Self-assessment

Matthew Taylor: To ask the Chancellor of the Exchequer what target the Inland Revenue has set for the number of individual taxpayers filing self-assessment tax returns by 2005; and if he will make a statement. [102877]

Dawn Primarolo: The Revenue do not have targets for the number of individual taxpayers who are required to file SA returns. The target for the percentage of 2001–02 returns issued by 31 October 2002 and filed by the January 2003 filing date was 90.5 per cent. This target was reached.

Matthew Taylor: To ask the Chancellor of the Exchequer what estimate he has made of the (a) filing and (b) other costs of the self-assessment tax system in each year since 1998; and if he will make a statement. [102878]

Dawn Primarolo: The costs of collecting income tax and other taxes are set out each year in the Inland Revenue Annual Reports, copies of which are in the House of Commons Library. The costs of administering and collecting income tax cover a variety of integrated tax regimes and systems of which Self Assessment is one. Some significant costs are shared across these regimes

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and cannot be meaningfully apportioned to particular regimes or systems. No figures are available for the total costs of Self Assessment in isolation.

Student Debts

Mr. Hendry: To ask the Chancellor of the Exchequer what plans he has to exempt parents from the tax implications of paying off the higher education debts of their children. [103681]

Dawn Primarolo: There are no such plans.

Tax Credits

Mr. Prisk: To ask the Chancellor of the Exchequer what estimates his Department has made of the costs of the promotional campaign for the new tax credits, broken down by (a) design, print and production of promotional materials, (b) television and radio advertisements, (c) press advertising, (d) online design related website costs and (e) the provision of faxback facilities. [102416]

Dawn Primarolo: The spend on the promotional campaign for the new tax credit is currently estimated as follows:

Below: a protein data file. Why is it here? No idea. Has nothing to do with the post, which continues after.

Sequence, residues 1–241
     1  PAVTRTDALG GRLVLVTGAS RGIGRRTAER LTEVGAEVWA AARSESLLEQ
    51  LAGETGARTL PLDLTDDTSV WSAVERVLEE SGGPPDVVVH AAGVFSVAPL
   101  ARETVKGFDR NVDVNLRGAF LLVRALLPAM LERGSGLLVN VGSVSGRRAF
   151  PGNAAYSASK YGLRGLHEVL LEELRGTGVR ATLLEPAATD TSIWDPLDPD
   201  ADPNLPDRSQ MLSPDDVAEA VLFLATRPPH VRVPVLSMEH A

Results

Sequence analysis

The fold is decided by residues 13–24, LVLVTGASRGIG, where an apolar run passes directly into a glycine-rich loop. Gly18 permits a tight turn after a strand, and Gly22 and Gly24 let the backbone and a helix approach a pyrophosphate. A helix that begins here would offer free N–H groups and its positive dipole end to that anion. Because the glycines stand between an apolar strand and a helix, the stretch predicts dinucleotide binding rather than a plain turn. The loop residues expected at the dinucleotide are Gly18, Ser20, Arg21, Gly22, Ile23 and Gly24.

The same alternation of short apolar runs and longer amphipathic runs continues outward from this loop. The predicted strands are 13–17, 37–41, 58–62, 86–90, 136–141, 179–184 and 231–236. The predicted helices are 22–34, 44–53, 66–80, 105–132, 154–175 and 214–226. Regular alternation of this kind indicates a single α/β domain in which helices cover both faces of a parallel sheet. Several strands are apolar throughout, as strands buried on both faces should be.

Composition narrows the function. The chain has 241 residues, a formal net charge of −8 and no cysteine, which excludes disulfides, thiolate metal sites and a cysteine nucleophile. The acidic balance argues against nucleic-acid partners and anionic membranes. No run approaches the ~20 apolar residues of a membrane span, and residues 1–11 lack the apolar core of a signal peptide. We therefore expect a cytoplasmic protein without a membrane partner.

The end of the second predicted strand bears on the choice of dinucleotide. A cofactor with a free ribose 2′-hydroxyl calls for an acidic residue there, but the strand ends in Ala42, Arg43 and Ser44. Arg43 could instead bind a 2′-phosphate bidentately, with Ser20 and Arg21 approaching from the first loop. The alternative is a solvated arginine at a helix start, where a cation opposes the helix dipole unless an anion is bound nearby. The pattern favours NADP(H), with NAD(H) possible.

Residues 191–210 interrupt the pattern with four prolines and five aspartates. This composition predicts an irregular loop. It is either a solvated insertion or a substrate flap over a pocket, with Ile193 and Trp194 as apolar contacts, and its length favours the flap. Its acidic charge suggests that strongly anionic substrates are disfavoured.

£000

(a) design, print and production of promotional materials95
(b) media costs for:
television advertisements 8,016
radio advertisements876
(c) press advertising2,224
(d) online advertising400
(e) the provision of faxback facilities15

Note:

All estimated costs include VAT


Mrs. Spelman: To ask the Chancellor of the Exchequer what plans he has to extend the child care tax credit to grandparents caring for their grandchildren. [102799]

Dawn Primarolo: There are no plans to make the childcare element of Working Tax Credit available in respect of grandparents caring for their grandchildren under informal arrangements or while acting as a home childcarer. But if grandparents are registered childcare providers, and provide childcare for their grandchildren outside the children's home, then the cost of their services will count as eligible childcare for the purposes of claiming the childcare element of the Working Tax Credit, which will be introduced from April.

Matthew Taylor: To ask the Chancellor of the Exchequer what the component costs were of each tax credit which contributes to the 2003–04 tax credit lines of (a) table B12 of page 197, (b) table B17 of page 205 and (c) table B9 of page 193 of the November 2002 Pre-Budget Report (Cm 5664); and if he will make a statement. [99394]

Dawn Primarolo: The following table shows a breakdown of the tax credit lines of the 2002 Pre-Budget Report Tables B12 and B9 for 2003–04.

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£ billion

Table B12, Row 3Table B12, Row 33(6)Table B9
Children's Tax Credit and negative tax element of new tax credits(7)-4.3N/a-2.2
Reduced liability corporation tax, tax credits-0.50.50.1
Other(8)-0.10.10.0
Total-4.90.6-2.1

(6) These figures are the change between Budget 2002 and PBR 2002

(7) New tax credits consist of the Child Tax Credit and the Working Tax Credit, which will be introduced from April 2003. They will replace the Working Families' Tax Credit (WFTC), the Disabled Person's Tax Credit (DPTC), the Children's Tax Credit and the New Deal Employment credit for the over 50s and income related elements of support for children in Income Support and Jobseeker's Allowance.

(8) Consists of the negative tax elements of LAPRAS (life assurance premium relief), WFTC and DPTC.

Between Budget 2002 and the 2002 Pre-Budget Report, the estimated split of total tax credits between that scored as tax and that scored as public expenditure was revised, with the negative tax element now about £2 billion a year higher from 2003–04 onwards. This accounts for almost all of the change seen in Table B9. These revisions are balanced by changes in the public expenditure element of tax credits, and have no overall impact on the current balance or net borrowing. In 2003–04, the tax credit line in Table B17 (£11.7 billion) mainly consists of the public expenditure elements of the new tax credits (£7.6 billion) and child allowances in Income Support and Jobseekers' Allowance (£3.7 billion). The remaining £0.4 billion consists of the tax credits accruals adjustments, charities transitional relief, stakeholder pensions and the public expenditure elements of WFTC, DPTC and LAPRAS.